The Trip Replay feature in ciBioBase further allows you to see disruptions in the contours (Figure 2).  As in the case with Figure 2, there was a temporary disruption in the transducer signal, thus giving an erroneous depth (Figure 2 and 3).  In ciBioBase, these erroneous depths can be edited out; thus creating a smoother, more accurate bathymetric map and associated statistics.

Figure 2. Desktop verification of bathymetric outputs with ciBioBase’s Trip Replay feature.
Figure 3. Areas of disrupted signal can be deleted and the trip reprocessed for a more accurate and smooth bathymetric map.

Other times, these little “donuts” occur because depths temporarily enter a different contour level (e.g., 3ft contours with series depths = 5.99, 6.0, 5.99, 5.98, etc).  Although the 6.0 depth is likely legit, it may be more aesthetically pleasing to remove the 6.0 depth to prevent the creation of a 6ft donut hole.

Once you are happy with the output with individual trips, you can merge them in ciBioBase to create a uniform output (Figure 4).

Figure 4.  Merging function in ciBioBase that allows users to merge individual files or trips into a single, uniform map.

Tying Bathymetry to a Benchmark Elevation
When mapping bathymetry, it may be important to tie the water level to a benchmark water level elevation.  In our Minnesota Lake example, we went to the Minnesota Department of Natural Resource’s Lakefinder website and found important water level information (Figure 5).  On 6/5/2012, we surveyed McCarron’s Lake in Ramsey County, MN.  On 6/7/2012, the elevation-corrected water level reported by citizen volunteers was  840.84 ft above sea level.  The Ordinary High Water Level  (OHW) benchmark for McCarron’s is 842.21 ft (Figure 5).  Using the Data Offset feature in ciBioBase (Figure 6), we can simply add 1.37 ft (elevation correction) plus 1 ft (transducer correction) to get a bathymetric map that is corrected to the OHW (Figure 7).  This eliminates water level as a confounding variable with repeated bathymetric surveys on the same waterbody.  The final products are high resolution, blue-scale imagery as seen in Figure 7 (up to 1-ft contours) or the actual point and grid data that can be imported into any third party GIS or statistical software (Figure 8).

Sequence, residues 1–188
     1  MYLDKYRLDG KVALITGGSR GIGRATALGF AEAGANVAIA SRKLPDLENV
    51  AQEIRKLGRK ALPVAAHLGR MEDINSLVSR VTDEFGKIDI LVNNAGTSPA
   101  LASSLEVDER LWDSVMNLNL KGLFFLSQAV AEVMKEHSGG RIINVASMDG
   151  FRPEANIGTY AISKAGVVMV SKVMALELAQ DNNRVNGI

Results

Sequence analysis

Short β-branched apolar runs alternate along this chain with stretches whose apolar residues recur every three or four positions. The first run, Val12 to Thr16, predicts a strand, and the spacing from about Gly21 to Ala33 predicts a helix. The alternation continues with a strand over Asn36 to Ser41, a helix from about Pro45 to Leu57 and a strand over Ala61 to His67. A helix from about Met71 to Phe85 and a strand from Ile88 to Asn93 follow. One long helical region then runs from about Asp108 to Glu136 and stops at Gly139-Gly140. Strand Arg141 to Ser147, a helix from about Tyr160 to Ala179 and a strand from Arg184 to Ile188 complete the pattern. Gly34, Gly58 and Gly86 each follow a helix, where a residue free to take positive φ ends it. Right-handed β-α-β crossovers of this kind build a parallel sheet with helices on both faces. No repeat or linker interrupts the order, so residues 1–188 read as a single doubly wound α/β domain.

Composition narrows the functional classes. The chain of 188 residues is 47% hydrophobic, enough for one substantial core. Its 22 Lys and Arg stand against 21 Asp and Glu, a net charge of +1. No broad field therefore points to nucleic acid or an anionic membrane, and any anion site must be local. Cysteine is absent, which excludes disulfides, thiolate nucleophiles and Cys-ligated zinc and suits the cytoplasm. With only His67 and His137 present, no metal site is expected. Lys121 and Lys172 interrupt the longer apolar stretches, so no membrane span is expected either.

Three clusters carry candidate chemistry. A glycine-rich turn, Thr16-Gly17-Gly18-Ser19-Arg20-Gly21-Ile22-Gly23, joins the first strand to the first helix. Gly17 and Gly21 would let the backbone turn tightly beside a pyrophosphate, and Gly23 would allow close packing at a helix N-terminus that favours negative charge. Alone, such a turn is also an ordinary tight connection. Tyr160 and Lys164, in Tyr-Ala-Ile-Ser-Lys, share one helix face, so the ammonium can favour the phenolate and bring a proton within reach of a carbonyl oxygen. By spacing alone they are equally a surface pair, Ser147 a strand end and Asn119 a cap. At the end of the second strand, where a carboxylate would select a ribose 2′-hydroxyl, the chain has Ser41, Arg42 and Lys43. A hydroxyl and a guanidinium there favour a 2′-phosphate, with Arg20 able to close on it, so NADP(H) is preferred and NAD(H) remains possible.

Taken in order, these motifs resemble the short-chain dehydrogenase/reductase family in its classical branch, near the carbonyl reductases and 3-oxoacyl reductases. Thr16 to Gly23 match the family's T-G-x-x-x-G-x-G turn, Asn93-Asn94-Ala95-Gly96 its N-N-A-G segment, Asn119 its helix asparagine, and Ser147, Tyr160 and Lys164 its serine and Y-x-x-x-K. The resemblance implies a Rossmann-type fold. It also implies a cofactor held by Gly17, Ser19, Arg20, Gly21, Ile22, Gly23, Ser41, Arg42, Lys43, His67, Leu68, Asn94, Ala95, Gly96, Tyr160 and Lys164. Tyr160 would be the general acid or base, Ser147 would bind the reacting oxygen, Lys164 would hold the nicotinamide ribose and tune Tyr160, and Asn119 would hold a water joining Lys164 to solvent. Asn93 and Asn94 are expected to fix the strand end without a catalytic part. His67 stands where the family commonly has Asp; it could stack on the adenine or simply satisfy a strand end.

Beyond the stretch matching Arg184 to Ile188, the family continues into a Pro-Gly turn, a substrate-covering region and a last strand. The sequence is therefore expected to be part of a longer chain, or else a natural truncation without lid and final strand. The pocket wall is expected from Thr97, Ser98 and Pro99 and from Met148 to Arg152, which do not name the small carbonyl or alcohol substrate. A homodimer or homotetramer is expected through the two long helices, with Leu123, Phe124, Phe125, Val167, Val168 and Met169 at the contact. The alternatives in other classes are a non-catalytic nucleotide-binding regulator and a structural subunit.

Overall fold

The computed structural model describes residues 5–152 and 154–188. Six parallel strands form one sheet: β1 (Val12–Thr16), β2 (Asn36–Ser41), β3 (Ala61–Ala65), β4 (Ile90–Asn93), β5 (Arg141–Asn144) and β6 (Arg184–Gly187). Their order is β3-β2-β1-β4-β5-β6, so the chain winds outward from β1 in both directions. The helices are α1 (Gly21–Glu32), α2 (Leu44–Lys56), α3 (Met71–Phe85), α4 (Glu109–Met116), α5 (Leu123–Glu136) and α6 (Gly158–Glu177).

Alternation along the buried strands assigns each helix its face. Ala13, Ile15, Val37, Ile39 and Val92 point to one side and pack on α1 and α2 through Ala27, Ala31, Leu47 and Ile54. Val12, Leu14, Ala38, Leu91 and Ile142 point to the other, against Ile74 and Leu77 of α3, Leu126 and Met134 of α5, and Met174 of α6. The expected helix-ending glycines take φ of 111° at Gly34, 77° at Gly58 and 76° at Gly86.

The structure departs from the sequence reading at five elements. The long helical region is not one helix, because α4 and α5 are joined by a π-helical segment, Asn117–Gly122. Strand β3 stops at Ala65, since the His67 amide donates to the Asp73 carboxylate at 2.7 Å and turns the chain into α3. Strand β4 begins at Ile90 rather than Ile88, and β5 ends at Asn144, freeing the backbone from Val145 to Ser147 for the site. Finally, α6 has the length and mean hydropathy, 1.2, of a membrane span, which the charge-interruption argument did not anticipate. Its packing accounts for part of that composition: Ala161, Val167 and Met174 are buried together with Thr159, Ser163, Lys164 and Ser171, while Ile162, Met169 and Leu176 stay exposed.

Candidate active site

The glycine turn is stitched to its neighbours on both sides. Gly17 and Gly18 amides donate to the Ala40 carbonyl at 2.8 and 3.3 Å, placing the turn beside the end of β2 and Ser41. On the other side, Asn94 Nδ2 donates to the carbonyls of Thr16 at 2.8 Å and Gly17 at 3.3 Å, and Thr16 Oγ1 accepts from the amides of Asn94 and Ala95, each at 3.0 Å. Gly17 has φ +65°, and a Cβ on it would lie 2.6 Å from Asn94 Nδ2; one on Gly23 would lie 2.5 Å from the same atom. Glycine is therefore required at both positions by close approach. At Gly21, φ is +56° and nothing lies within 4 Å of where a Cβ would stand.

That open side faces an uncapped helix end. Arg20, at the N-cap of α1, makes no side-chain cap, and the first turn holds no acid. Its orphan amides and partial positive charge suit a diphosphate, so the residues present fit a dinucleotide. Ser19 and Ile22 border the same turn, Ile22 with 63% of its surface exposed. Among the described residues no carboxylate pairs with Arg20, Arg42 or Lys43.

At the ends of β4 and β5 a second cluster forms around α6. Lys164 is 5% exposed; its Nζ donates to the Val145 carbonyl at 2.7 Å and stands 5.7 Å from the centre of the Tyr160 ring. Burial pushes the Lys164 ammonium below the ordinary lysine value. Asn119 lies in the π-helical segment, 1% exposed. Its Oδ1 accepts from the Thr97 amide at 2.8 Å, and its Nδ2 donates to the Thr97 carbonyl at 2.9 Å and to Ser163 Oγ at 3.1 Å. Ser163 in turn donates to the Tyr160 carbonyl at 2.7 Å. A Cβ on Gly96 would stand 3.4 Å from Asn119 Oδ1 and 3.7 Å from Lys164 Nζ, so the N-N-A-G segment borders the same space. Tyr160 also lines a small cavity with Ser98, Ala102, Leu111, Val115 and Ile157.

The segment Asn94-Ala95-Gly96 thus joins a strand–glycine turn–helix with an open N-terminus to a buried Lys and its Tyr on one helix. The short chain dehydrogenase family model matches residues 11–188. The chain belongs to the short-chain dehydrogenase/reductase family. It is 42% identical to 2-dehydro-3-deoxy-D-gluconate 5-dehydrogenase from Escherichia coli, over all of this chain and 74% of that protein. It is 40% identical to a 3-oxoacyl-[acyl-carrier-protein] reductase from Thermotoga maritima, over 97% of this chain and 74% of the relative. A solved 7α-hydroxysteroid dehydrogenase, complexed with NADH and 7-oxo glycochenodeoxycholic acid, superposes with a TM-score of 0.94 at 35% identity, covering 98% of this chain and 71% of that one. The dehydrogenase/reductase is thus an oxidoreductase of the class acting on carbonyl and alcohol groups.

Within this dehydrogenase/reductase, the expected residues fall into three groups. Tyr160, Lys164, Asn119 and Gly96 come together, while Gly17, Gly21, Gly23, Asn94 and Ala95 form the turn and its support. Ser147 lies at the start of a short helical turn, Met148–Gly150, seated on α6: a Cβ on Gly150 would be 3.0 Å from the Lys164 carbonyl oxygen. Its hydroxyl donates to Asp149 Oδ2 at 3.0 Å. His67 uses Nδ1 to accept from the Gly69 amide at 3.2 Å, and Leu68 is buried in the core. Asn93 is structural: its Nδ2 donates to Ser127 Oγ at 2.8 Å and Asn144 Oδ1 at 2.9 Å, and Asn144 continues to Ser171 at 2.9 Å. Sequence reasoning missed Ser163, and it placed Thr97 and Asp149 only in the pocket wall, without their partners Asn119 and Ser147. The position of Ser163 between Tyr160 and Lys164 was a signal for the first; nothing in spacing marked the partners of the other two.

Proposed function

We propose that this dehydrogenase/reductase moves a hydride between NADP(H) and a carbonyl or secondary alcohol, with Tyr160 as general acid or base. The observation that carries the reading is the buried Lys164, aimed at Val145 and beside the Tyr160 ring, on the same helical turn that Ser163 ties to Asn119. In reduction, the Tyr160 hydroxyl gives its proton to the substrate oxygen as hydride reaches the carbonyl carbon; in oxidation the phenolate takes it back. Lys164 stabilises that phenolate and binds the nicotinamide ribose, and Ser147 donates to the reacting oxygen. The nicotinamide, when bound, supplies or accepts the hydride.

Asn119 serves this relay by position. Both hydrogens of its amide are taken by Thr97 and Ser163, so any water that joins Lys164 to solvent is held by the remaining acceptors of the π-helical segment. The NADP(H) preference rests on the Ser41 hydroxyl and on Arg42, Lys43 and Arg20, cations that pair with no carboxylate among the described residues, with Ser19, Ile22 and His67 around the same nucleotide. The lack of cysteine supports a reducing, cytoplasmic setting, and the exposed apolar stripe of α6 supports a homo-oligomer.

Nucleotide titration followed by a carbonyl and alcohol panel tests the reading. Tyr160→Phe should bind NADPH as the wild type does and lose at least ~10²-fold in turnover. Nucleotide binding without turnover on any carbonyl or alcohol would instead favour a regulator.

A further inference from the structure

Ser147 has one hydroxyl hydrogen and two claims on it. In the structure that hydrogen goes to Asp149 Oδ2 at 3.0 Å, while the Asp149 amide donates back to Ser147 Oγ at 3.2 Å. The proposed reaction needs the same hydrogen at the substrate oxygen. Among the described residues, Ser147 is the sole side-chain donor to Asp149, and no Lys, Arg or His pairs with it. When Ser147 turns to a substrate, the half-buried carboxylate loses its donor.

Figure 5. Water level information for McCarron’s Lake in Ramsey County, Minnesota USA.
Figure 6. Data Offset feature in ciBioBase that allows users to correct their bathymetric data to a benchmark water level and transducer depth.
Figure 7. Bathymetric imagery with resolution (both bottom and pixel) that can be controlled by the user.
Figure 8. Export point data along your traveled path or the kriging interpolated grid for use in third party GIS or statistical software.

Life is good in the cloud…

Because of the centralized, cloud-based platform of ciBioBase, we see trip uploads into the system from all types of lakes, ponds, and reservoirs throughout the country and even abroad; so our acoustic and geostatistic algorithms have seen it all!

See for yourself in our demo account at ciBioBase.com.  In the login page, enter demo@cibiobase.com and “demo” for the password.  Operators are standing by to answer any questions you may have!